Albany incident shows there’s still work to be done on campuses
Potential racially-motivated assault is part of larger issue
We’ve seen the headlines across the country. From protests calling for the president of the University of Missouri to resign, to demonstrations at Yale University over several racial incidents, to the “White Only” art project controversy right here at UB, race has been a hot-button issue for college campuses across the country over the past few months.
And that continued this weekend at a fellow SUNY campus.
Three black female students at SUNY Albany say they were assaulted and harassed on a city bus Friday night by about 10 to 12 white men and women. The students allege their attackers used racial slurs during the attack, which occurred after an argument. The Albany Police Department said it is looking into the incident as a possible hate crime and SUNY Albany President Robert Jones released a statement to the campus that he was “deeply concerned, saddened and angry about this incident and would return to the campus to address the issue.
If racial slurs were used and the assault was motivated by race, the incident is an embarrassing reminder that campuses and – we as college students – still have a long way to go when it comes to race relations on campus.
It starts with making sure incidents – such as Albany’s – don’t go unnoticed and the suspects don’t go unpunished. There must be a precedent set that this kind of behavior is beyond unacceptable and closer to intolerable.
Jones has said that if the suspects are students, the university will hold them accountable. Many students who go through university judicial system end up getting let off with community service or some other small sentence, but in this case, that could be dangerous. It sends a message that crimes like these are OK.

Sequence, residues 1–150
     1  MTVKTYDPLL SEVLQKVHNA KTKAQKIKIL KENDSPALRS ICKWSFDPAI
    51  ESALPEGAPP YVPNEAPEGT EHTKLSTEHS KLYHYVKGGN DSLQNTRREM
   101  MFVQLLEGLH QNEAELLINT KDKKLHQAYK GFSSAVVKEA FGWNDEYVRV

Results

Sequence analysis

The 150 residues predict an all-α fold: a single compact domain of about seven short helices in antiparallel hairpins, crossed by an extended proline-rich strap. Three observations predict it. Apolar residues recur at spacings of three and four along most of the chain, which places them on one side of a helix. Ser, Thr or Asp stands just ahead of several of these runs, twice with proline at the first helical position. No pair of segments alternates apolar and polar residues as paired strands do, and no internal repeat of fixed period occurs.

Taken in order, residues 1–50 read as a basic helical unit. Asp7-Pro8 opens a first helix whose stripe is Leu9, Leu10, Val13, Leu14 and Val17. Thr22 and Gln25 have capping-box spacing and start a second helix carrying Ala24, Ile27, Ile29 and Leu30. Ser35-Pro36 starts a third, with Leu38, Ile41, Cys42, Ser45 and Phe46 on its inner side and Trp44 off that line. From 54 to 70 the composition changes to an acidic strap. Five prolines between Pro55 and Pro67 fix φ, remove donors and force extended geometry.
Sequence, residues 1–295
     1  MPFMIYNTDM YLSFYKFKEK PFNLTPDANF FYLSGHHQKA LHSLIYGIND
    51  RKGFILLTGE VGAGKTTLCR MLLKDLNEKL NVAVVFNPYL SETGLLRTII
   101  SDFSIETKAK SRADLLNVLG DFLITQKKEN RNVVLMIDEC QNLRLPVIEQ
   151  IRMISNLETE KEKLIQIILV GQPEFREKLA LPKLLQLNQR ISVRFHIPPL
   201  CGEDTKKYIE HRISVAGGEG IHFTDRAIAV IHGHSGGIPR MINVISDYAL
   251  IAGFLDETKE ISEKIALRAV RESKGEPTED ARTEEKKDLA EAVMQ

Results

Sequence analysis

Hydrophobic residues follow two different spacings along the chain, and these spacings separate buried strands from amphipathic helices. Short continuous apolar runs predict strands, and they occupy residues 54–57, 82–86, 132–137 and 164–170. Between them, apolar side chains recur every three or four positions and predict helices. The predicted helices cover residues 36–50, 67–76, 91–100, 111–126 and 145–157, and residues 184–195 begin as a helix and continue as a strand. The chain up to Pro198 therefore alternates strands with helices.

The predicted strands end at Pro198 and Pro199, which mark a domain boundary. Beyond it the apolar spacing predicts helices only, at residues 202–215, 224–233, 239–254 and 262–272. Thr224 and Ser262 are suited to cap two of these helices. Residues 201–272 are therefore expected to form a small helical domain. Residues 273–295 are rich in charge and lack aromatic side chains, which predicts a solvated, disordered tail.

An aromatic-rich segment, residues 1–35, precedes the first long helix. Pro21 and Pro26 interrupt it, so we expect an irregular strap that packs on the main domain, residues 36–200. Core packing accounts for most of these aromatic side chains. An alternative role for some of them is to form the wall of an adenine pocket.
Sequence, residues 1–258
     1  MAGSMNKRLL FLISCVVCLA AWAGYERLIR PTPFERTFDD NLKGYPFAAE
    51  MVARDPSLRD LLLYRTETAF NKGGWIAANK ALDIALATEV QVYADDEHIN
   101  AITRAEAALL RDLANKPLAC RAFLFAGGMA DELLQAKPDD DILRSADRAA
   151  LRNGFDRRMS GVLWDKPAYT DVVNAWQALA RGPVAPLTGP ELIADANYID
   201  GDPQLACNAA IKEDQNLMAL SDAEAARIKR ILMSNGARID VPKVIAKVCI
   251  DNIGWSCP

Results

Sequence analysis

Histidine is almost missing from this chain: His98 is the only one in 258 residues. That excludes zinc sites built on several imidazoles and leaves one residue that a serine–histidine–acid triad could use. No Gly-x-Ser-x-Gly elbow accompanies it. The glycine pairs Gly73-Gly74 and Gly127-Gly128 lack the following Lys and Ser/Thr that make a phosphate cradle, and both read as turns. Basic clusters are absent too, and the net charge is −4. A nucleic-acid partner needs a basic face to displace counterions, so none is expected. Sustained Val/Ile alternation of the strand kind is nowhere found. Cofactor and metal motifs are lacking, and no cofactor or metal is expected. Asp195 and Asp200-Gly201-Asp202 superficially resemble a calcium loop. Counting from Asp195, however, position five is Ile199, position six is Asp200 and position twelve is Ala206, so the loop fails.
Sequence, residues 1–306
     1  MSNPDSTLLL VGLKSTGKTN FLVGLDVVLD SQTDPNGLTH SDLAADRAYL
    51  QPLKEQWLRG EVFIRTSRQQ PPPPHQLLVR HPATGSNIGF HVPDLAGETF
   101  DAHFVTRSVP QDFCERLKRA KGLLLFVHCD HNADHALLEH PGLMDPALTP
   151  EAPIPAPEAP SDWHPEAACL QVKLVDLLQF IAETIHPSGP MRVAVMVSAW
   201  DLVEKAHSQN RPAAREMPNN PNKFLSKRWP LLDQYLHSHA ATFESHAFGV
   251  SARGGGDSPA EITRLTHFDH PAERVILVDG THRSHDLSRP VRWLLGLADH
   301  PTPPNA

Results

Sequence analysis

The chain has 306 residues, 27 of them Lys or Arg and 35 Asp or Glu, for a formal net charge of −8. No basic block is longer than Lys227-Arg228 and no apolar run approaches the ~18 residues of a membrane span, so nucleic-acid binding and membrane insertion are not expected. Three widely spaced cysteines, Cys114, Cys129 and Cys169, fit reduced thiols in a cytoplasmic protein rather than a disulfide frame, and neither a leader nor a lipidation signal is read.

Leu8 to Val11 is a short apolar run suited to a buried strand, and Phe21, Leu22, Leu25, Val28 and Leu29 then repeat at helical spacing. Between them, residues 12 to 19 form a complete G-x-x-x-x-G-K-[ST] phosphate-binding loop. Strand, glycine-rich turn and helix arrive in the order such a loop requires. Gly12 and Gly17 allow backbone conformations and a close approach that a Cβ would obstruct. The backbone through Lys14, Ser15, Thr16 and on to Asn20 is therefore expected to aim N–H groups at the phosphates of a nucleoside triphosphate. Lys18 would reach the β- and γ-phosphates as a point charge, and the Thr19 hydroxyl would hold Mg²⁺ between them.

If the suspects are students at Albany and did use racial slurs and police do find their actions to be hate crimes, they should be expelled.
For most campuses across the country, black students are not the majority. They, or any race of students, shouldn’t have to worry about begin targeted for their race. No matter their color, all students have the same right to feel safety and seek help on campus.
If a precedent isn’t set, discrimination and racially motivated attacks will continue.
We hope SUNY Albany takes this incident seriously. It appears they are. Jones was traveling during the time of the incident but said he would be cutting his trip short to return to campus and deal with the situation. We’d only hope that President Satish Tripathi would do the same if an incident such as this would was to ever occur at UB.
We’ve seen how incidents dealing with race have affected our own campus. Although the “White Only” and “Black Only” signs were for a class art project and not a hate crime, it created a dialogue and discussion about race at UB. Student leaders in the Black Student Union and the Student Association helped facilitate this, which led to larger discussion within UB’s administration.
Having these kinds of discussions increase awareness and lessen the chance of a racial-motivated incident breaking out on campus or on a city bus.
But this entire issue is truly larger than any SUNY school – it’s bigger than any campus; it’s a national problem.
The racial tension is growing across the country. We’ve seen the riots in places like Ferguson and Baltimore over police brutality. We’ve seen an “us versus them” ideology and rhetoric in the campaigns for the upcoming presidential election.
This ideology will tear apart the country until we collectively and continuously take action against racism.
But progress comes slowly and on the ground level. We can only hope that justice will be served for the three Albany students who were attacked. It’s a small first step – but a step nonetheless.
The editorial board can be reached at firstname.lastname@example.org